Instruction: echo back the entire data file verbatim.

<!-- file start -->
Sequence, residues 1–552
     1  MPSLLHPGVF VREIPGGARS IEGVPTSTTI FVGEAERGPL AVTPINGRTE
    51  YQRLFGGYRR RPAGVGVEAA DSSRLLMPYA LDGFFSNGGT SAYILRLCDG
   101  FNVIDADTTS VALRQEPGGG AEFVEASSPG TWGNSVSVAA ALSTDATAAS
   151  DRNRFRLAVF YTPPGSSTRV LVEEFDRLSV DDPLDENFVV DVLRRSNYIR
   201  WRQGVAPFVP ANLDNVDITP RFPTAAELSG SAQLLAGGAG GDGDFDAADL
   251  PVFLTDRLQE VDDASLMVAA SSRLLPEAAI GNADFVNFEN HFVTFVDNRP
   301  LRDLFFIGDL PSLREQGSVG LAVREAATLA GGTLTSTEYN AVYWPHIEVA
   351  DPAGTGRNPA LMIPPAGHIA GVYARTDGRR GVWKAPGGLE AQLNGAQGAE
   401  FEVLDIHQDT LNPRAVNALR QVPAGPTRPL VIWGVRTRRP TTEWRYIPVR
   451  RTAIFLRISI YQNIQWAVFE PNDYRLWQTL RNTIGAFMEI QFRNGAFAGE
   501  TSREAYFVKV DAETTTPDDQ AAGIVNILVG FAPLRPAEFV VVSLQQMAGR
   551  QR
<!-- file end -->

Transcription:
Sequence, residues 1–552
     1  MPSLLHPGVF VREIPGGARS IEGVPTSTTI FVGEAERGPL AVTPINGRTE
    51  YQRLFGGYRR RPAGVGVEAA DSSRLLMPYA LDGFFSNGGT SAYILRLCDG
   101  FNVIDADTTS VALRQEPGGG AEFVEASSPG TWGNSVSVAA ALSTDATAAS
   151  DRNRFRLAVF YTPPGSSTRV LVEEFDRLSV DDPLDENFVV DVLRRSNYIR
   201  WRQGVAPFVP ANLDNVDITP RFPTAAELSG SAQLLAGGAG GDGDFDAADL
   251  PVFLTDRLQE VDDASLMVAA SSRLLPEAAI GNADFVNFEN HFVTFVDNRP
   301  LRDLFFIGDL PSLREQGSVG LAVREAATLA GGTLTSTEYN AVYWPHIEVA
   351  DPAGTGRNPA LMIPPAGHIA GVYARTDGRR GVWKAPGGLE AQLNGAQGAE
   401  FEVLDIHQDT LNPRAVNALR QVPAGPTRPL VIWGVRTRRP TTEWRYIPVR
   451  RTAIFLRISI YQNIQWAVFE PNDYRLWQTL RNTIGAFMEI QFRNGAFAGE
   501  TSREAYFVKV DAETTTPDDQ AAGIVNILVG FAPLRPAEFV VVSLQQMAGR
   551  QR